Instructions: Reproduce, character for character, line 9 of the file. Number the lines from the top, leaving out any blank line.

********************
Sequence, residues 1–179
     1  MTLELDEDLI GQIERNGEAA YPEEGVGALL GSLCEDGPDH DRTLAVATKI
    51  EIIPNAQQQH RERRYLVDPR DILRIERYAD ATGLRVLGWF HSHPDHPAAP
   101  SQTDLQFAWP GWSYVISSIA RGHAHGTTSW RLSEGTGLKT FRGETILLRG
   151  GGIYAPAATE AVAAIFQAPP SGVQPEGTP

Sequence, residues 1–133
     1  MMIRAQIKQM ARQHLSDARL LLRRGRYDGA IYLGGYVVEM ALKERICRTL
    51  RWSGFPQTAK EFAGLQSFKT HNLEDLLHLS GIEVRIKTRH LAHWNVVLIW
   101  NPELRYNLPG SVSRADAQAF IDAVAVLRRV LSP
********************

   101  NPELRYNLPG SVSRADAQAF IDAVAVLRRV LSP